Dozens feared dead in Kashmir bus plunge

At least 70 people feared dead as vehicle is swept away, amid worst flooding in 22 years in India-administered Kashmir.

    Dozens feared dead in Kashmir bus plunge
    At least 100 villages across the Kashmir valley remain flooded by overflowing lakes and rivers [Reuters]

    About 70 people are feared dead after a passenger bus was swept by a flooded stream in India-administered Kashmir, officials have said.

    The accident occurred on Thursday in the southern Rajouri district of the Himalayan region which is suffering from its worst flooding in 22 years.

    State government official Shantmanu said that rescuers were searching for the bus, but have not been able to locate it in the gushing waters.

    Elsewhere in the region, at least 14 people have been swept away by floodwaters or buried by mud from mountain slopes since Wednesday, police officer Imtiyaz Hussain told the AP news agency on Thursday.

    They included a paramilitary officer whose bunker collapsed on him.

    Hussain said the soldiers and rescue workers used boats to move thousands of people to higher ground.

    At least 100 villages across the Kashmir valley were flooded by overflowing lakes and rivers, including the Jhelum river, which was up to 1.5 metres above its danger level.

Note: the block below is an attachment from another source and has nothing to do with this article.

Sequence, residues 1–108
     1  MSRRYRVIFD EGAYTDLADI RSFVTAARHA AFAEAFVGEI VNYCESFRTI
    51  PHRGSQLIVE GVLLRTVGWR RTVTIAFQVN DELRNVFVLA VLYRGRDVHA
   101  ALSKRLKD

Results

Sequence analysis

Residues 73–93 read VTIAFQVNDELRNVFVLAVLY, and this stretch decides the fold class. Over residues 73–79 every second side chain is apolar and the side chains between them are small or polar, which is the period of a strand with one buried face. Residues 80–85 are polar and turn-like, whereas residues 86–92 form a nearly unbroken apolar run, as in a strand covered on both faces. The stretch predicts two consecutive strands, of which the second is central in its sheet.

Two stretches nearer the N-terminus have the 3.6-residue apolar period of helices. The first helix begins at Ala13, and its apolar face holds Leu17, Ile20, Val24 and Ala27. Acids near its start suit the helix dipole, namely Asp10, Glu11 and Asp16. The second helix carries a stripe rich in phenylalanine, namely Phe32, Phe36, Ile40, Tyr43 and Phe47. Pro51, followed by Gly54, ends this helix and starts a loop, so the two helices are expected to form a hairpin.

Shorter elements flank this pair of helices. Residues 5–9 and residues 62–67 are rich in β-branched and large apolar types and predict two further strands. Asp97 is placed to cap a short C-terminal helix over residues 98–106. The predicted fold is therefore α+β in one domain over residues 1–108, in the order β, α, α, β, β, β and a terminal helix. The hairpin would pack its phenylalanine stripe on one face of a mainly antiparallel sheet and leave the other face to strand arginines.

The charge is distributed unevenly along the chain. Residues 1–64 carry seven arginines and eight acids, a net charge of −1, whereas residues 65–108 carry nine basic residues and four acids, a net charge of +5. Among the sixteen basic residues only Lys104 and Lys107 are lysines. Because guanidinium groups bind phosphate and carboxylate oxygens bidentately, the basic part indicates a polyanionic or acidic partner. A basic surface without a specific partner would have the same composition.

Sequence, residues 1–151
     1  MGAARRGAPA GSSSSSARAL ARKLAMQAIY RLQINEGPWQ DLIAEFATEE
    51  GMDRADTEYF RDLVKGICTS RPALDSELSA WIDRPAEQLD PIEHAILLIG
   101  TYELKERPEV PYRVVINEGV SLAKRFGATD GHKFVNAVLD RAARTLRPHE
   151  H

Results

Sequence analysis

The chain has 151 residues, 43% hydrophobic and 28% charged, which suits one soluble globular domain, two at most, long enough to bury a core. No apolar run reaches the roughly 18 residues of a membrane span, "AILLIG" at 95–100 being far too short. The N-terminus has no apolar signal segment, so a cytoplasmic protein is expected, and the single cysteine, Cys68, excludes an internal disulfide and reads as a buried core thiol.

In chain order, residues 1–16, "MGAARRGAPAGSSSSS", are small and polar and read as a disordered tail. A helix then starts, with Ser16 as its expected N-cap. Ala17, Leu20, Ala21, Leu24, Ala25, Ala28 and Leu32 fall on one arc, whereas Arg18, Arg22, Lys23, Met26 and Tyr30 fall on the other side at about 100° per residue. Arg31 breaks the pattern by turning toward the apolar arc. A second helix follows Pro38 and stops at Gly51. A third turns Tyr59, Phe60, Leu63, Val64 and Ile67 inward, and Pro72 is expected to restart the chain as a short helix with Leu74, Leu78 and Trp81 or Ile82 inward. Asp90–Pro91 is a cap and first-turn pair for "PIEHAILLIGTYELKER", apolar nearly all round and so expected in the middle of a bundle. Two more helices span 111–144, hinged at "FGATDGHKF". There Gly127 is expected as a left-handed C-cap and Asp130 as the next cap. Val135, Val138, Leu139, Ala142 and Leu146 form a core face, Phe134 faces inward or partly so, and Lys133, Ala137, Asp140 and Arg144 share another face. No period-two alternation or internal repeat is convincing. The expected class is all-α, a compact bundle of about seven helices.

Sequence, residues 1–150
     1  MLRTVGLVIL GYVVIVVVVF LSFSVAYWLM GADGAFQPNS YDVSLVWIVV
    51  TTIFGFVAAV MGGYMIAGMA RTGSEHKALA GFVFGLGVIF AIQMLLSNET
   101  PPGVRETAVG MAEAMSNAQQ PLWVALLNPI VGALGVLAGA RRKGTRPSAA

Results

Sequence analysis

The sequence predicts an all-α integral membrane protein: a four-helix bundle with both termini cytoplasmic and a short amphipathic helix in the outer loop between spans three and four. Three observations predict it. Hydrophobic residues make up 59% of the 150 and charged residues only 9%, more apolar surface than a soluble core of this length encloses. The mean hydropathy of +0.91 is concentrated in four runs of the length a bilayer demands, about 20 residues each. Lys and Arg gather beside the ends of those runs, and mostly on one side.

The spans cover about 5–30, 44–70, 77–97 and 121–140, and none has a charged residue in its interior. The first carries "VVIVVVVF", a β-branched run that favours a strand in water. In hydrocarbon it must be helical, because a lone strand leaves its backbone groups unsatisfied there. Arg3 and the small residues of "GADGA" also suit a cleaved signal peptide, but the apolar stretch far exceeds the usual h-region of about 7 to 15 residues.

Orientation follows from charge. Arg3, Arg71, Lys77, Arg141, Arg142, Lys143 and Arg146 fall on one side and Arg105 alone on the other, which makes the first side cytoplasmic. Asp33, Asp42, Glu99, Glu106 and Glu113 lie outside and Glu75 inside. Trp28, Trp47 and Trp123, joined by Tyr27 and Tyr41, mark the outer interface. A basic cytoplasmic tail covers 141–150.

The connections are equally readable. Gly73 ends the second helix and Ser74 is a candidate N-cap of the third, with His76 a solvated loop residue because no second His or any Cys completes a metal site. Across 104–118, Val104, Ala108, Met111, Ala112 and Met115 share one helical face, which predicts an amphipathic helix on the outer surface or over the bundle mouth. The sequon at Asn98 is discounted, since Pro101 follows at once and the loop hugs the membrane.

Authorities have closed the only highway connecting the region with Indian plains after a landslide, triggered by heavy rains, smashed the hilly road in southern Udhampur district.

    Advisory issued

    On Thursday, authorities issued an advisory asking people living on the banks of rivers and other water bodies, to move to safer places until the rain stops and water levels come down.

    The region's Chief Minister Omar Abdullah said the water had reached beyond the danger mark and "we will come to know the extent of damage when water recedes".

    "Bridges have washed away and houses have been damaged at many places," he said in the summer capital Srinagar.

    Officials have also arranged 100 boats and 500,000 sand bags for emergency operations.

    Landslides are common in the Himalayan region during the monsoon season, which runs from June to  September.

    SOURCE: Al Jazeera and agencies


    YOU MIGHT ALSO LIKE

    Why Saudi-Israeli normalisation could be dangerous

    Why Saudi-Israeli normalisation could be dangerous

    Apart from being disastrous for Palestine, normalising relations with Israel could get Saudi Arabia in real trouble.

    Gender violence in India: 'Daughters are not a burden'

    Gender violence in India: 'Daughters are not a burden'

    With female foeticide still widespread, one woman tells her story of being mutilated for giving birth to her daughters.

    What is Mohammed bin Salman's next move?

    What is Mohammed bin Salman's next move?

    There are reports Saudi Arabia is demanding money from the senior officials it recently arrested.